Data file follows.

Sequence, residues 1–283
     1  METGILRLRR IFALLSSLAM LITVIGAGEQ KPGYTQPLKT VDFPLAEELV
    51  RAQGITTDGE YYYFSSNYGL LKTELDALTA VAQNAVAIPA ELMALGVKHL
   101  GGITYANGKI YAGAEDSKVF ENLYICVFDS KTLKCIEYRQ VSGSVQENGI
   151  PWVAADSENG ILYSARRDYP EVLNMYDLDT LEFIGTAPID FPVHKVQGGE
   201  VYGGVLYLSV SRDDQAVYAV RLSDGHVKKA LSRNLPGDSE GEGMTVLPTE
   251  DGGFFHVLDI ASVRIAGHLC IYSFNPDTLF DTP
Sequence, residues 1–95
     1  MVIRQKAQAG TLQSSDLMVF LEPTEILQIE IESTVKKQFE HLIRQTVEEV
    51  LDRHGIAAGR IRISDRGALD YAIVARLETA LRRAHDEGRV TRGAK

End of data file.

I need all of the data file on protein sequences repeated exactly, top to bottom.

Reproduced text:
Sequence, residues 1–283
     1  METGILRLRR IFALLSSLAM LITVIGAGEQ KPGYTQPLKT VDFPLAEELV
    51  RAQGITTDGE YYYFSSNYGL LKTELDALTA VAQNAVAIPA ELMALGVKHL
   101  GGITYANGKI YAGAEDSKVF ENLYICVFDS KTLKCIEYRQ VSGSVQENGI
   151  PWVAADSENG ILYSARRDYP EVLNMYDLDT LEFIGTAPID FPVHKVQGGE
   201  VYGGVLYLSV SRDDQAVYAV RLSDGHVKKA LSRNLPGDSE GEGMTVLPTE
   251  DGGFFHVLDI ASVRIAGHLC IYSFNPDTLF DTP
Sequence, residues 1–95
     1  MVIRQKAQAG TLQSSDLMVF LEPTEILQIE IESTVKKQFE HLIRQTVEEV
    51  LDRHGIAAGR IRISDRGALD YAIVARLETA LRRAHDEGRV TRGAK